This week, we'll take a look at at a video that compares Pentjak Silat with Krav Maga (in French). Their goal, as stated by Frank Ropers at the start of the session, is to show both schools that their styles mesh together very well. From a Bartitsu perspective, I love using this type of thing to illustrate that all martial arts that concern themselves with real attacks end up in the same place: effective strikes with arms and legs leading to takedowns.
While watching, observe the number of techniques that are exactly the same as those taught in traditional Bartitsu and its component arts, especially jujitsu.
Early on, Alain advises to never grab around the neck in a standard chancery because you run the risk of a head-butt. My opinion is that control of the neck will help to avoid a head-butt for exactly that reason.
Both Alain and Frank use a neck-break in a couple of techniques, where a head-twist takedown is a gentler approach with a higher chance of success.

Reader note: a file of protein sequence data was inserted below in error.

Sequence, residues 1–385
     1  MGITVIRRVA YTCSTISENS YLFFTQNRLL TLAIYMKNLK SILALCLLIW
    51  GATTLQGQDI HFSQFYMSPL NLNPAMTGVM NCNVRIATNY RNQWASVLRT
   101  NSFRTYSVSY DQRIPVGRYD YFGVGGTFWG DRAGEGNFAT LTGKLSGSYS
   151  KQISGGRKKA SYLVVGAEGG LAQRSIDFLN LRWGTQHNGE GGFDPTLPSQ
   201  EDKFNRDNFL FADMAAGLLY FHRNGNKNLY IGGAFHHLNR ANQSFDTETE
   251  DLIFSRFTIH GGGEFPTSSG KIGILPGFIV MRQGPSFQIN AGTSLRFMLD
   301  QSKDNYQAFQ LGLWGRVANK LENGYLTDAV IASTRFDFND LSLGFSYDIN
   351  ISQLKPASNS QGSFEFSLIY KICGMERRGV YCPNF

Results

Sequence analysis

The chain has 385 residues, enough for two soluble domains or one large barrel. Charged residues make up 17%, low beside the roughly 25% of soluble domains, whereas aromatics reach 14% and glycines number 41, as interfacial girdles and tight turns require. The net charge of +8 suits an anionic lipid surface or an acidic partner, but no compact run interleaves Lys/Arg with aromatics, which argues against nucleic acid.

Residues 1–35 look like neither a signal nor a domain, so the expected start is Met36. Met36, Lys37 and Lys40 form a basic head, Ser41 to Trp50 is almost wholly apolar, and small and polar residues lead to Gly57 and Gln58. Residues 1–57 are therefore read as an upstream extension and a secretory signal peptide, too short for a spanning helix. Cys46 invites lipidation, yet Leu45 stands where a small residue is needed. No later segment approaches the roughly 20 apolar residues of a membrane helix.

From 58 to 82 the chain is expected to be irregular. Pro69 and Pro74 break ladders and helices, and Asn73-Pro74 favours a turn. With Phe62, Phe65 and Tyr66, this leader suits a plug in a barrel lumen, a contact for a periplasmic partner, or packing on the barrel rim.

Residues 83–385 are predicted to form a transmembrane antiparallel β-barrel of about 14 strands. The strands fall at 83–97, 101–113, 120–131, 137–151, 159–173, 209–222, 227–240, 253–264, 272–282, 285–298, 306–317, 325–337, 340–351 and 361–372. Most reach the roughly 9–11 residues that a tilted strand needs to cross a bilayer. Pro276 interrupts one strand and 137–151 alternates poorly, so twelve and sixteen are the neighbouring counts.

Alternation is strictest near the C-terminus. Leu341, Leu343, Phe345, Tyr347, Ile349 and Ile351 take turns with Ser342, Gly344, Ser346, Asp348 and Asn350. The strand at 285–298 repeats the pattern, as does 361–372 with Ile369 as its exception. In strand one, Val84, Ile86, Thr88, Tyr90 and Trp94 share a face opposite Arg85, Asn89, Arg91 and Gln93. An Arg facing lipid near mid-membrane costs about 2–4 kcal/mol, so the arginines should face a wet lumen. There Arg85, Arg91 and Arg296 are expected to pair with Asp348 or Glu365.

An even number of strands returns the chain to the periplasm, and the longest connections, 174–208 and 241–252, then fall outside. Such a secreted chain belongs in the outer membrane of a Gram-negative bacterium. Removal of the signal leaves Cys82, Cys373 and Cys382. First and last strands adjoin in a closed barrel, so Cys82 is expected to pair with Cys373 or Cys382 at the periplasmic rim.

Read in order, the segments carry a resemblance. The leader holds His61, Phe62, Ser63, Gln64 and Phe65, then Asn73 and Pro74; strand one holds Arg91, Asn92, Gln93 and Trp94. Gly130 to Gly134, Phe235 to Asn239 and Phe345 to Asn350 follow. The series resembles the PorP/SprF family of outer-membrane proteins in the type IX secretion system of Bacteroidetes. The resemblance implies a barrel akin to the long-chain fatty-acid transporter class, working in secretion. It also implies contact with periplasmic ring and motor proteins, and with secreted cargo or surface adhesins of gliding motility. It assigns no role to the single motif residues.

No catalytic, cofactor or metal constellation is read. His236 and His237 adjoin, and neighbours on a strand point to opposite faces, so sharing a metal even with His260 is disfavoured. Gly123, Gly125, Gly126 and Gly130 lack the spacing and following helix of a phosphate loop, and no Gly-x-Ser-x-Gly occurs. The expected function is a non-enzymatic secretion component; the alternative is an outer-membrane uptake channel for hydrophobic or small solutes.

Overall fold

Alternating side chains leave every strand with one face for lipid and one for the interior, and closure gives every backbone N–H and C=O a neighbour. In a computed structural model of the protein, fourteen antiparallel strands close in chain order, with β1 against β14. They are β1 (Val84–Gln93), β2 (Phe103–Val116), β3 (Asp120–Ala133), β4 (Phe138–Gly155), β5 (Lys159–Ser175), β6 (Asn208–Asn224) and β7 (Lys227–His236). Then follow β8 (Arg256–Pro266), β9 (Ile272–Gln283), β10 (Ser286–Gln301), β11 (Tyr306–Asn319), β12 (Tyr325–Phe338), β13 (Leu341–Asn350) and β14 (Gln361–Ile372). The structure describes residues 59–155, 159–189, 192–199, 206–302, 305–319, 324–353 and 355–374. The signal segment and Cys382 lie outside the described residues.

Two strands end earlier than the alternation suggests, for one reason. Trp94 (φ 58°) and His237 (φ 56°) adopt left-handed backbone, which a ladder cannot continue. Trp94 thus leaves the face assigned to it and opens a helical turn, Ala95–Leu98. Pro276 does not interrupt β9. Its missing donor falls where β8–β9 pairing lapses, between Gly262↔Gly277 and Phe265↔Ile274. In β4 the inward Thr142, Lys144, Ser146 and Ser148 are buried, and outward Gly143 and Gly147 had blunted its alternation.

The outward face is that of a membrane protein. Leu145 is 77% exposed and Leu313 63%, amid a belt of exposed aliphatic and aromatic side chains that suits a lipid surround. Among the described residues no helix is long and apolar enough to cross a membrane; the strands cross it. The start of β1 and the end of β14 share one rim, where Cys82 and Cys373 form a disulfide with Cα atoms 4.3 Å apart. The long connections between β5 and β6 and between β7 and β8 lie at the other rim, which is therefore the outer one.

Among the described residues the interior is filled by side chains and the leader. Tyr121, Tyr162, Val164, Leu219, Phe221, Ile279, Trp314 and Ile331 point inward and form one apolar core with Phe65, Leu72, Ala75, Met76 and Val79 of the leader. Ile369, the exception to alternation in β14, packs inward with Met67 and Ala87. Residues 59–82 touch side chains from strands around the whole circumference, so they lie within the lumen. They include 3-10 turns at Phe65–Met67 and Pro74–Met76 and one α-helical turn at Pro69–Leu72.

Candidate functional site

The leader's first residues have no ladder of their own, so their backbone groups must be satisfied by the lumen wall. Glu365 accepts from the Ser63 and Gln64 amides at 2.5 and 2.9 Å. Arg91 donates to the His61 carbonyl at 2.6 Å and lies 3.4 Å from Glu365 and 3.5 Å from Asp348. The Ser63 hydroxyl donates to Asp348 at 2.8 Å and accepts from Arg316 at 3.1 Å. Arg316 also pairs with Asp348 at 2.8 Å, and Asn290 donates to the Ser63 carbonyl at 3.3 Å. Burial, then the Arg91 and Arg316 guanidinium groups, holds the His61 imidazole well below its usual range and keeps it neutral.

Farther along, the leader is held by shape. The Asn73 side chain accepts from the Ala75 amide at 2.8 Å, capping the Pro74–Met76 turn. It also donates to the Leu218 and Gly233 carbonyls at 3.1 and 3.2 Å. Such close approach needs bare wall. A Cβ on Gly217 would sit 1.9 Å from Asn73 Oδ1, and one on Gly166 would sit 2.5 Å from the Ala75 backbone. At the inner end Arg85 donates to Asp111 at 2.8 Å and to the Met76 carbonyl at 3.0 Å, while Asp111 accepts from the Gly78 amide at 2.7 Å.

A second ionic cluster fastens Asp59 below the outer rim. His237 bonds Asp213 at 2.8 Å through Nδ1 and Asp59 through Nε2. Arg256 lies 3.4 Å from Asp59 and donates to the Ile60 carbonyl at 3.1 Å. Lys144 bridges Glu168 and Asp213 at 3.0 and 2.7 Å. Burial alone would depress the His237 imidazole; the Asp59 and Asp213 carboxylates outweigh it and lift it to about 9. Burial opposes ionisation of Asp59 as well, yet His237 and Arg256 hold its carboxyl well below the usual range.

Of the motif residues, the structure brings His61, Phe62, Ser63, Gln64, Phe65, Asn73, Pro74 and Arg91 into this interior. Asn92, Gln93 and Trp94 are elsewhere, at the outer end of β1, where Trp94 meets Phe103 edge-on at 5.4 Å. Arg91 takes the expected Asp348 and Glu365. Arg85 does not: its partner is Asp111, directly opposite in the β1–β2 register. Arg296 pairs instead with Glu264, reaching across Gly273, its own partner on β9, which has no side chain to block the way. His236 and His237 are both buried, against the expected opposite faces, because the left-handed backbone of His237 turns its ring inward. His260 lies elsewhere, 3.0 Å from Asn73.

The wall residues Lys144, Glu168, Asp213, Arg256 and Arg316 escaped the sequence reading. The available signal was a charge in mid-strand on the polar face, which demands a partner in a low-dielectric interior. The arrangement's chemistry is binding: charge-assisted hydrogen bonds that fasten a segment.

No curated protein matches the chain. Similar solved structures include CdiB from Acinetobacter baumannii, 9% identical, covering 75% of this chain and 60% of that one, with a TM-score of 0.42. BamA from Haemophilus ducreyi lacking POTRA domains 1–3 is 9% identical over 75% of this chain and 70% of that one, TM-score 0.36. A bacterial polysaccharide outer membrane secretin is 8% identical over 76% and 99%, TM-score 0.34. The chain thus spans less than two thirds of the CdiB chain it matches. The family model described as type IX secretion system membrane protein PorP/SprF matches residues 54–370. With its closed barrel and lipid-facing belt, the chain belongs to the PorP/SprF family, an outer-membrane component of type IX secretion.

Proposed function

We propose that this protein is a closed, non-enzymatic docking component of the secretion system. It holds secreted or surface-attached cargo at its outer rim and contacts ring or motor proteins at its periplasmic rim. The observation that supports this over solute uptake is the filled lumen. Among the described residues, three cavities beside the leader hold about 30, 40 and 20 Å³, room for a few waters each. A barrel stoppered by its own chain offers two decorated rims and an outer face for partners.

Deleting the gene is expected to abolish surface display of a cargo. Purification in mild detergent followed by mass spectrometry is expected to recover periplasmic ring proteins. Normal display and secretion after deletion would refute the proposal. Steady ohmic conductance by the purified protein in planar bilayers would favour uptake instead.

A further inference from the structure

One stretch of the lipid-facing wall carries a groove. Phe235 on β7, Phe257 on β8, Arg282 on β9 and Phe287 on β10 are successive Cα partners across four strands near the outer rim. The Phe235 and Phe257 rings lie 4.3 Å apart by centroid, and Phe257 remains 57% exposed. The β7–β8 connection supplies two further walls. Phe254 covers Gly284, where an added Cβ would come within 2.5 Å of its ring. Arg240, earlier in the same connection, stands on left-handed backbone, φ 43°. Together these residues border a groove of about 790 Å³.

Speaking of success, Alain makes an excellent point about knife attacks: "I don't teach the perfect defence because somebody is attacking you. It's already a bad situation. I teach you to get to the least bad outcome."
The toes-outward kick used by Frank is done to the thigh for training purposes, but he himself admits that the real target is the knee. In this way, it is exactly the same as the shin kick that we adopt from Savate. I think Frank has made a career of excellent shin kicks and we could all learn from his example.
Mixed Martial Arts for Survival
It's obvious that these days MMA or Mixed Martial Arts is a combat sport and has a ton of popularity for training because it is on TV all the time. The one-on-one fighting of Brazilian Jujitsu combined with Muai Thai is great for the ring. In a real self-defense scenario, MMA has too many limitations. The true cross-training of what was once called Combatives or Antagonistics is the mixed martial art that will keep you safe in the street against multiple attackers.
On August 9, we've got a new workshop for self-defense against multiple attackers, called Bartitsu: Handling a Gang of Ruffians. Don't miss this practical workshop for your own safety.
I'm not promising anything, but here's something for your entertainment: